After Oklahoma City: Looking for Someone to Blame

Article excerpt

After Oklahoma City: Looking For Someone to Blame

By Hania Younis

My co-worker asks me, "You don't feel as badly as the rest of us, do you?" It is three hours after the Oklahoma City bombing. She asks me this question because I am an Arab American. We are both engineers for the federal government and work near Seattle.

"What do you mean? It's horrible!" I catch my breath as I realize we're talking about my loyalties and not the hundreds of lives lost and devastated. "But," I say, "if you mean do I feel more sadness than if this had happened somewhere else in the world, then no, I don't." She looks at me coldly, as though I have no sympathy.

I think about other recent tragedies: women in Bosnia begging not to be raped, whole villages of Guatemalans tortured one by one and killed as their families watched, Kurds pulling in lungfuls of poisonous air, and Iraqi families bombed in their homes. I think about my friend's adopted Palestinian son, found in the rubble of the building in which his entire family was killed.

"Besides," I say, "many people will assume that Arabs are responsible. And whether or not Arabs did this, it just reinforces the stereotype that Arabs are violent."

The television is on all day in our conference room. People drift in and out, watching for as long as they can. There's no evidence yet, but the newscasters still give two possibilities. The first is retaliation for the raid on the Branch Davidian compound. They also say there's been an anonymous phone call from someone claiming to be in Hamas. A man walks in and asks for an update and another immediately states, "Someone from Hamas claimed responsibility." His eagerness to blame this crime on Arabs saddens and frustrates me.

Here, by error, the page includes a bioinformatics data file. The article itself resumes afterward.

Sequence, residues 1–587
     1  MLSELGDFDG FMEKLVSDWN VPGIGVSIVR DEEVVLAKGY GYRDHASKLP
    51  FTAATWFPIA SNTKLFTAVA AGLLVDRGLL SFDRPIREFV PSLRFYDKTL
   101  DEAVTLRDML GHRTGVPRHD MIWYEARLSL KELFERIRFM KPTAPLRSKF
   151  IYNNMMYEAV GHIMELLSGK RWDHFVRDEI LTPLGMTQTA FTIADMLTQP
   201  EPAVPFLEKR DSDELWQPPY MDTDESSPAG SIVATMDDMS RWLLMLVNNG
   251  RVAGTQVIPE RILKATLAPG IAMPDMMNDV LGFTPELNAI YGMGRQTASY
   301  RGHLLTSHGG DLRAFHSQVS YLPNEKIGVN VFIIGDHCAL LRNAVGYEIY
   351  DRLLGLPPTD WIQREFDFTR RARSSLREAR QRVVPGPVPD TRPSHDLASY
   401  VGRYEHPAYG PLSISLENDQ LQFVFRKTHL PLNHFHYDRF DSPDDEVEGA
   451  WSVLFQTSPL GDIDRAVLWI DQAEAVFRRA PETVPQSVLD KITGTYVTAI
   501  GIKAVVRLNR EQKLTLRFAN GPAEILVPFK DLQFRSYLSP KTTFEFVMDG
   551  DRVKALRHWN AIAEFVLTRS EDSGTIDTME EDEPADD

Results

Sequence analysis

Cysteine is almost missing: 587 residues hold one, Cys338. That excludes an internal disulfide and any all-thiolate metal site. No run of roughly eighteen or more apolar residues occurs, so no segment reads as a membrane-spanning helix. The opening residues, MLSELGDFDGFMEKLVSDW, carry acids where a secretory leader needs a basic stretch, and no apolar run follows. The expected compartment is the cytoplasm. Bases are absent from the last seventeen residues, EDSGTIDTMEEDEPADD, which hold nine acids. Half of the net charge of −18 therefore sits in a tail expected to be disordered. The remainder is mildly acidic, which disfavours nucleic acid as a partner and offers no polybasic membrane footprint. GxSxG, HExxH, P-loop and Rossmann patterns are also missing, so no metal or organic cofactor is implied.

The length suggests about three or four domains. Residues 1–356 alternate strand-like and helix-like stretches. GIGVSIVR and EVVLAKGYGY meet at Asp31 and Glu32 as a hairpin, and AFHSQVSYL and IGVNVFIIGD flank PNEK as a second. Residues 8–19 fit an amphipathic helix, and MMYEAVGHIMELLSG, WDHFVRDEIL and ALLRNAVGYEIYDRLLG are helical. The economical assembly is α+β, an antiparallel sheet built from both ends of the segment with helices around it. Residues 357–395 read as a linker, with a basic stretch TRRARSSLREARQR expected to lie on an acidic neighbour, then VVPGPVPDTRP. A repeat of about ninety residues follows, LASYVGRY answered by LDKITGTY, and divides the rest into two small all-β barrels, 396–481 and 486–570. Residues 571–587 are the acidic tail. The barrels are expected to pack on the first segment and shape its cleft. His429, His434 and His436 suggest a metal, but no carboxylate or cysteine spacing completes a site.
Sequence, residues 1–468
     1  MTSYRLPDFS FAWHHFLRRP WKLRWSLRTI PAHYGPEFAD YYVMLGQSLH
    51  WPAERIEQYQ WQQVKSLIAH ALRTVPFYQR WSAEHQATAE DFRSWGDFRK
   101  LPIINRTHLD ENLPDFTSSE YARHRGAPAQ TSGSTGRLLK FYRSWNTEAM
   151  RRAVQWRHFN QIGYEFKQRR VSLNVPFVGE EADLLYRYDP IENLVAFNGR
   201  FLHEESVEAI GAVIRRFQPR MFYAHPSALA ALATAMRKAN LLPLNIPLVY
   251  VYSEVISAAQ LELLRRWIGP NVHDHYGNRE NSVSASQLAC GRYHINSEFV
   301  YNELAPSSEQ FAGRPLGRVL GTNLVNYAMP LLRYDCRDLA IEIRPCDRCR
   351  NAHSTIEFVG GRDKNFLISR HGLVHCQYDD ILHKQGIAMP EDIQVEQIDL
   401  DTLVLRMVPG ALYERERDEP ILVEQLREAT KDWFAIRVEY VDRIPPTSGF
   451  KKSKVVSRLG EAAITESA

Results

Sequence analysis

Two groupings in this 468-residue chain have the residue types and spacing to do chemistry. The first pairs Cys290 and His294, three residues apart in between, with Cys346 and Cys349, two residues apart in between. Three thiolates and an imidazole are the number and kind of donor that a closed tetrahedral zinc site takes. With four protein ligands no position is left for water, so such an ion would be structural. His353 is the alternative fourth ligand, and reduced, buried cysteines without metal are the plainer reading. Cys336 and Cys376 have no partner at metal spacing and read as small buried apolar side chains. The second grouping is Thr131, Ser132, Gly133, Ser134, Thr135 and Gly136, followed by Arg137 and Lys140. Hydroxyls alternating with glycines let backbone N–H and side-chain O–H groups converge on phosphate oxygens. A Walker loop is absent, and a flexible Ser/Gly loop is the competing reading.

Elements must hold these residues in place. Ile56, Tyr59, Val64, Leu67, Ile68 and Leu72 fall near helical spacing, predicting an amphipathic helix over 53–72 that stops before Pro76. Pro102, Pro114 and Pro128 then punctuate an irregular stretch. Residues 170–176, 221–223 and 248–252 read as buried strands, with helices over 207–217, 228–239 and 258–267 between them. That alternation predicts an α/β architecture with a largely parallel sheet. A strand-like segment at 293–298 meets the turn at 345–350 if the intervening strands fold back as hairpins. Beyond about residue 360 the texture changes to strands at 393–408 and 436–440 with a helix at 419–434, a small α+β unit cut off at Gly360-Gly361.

On television a distraught man asks, "Why Oklahoma City? We're good people here." I wonder what cities he thinks are filled with bad people, or what building anywhere in the world would be a more fitting target. All the interviews include statements like "not in America" and "these are innocent people." As though only we deserve to go unscathed by violence. Only we should be presumed innocent until proven guilty.

The news stations flash back to the World Trade Center and the barracks in Beirut. They want to make a connection early, just in case there is a connection.

When they mention Beirut someone says, "But these weren't soldiers." No, they weren't, I think. But would this be any less tragic if they were? And do we never kill anyone but soldiers? Are our "surgical strikes" so moral and precise that we never leave a scar, neither on others nor ourselves?

So many people still believe that Arabs are violent by nature.

That night my father calls at 11 p. …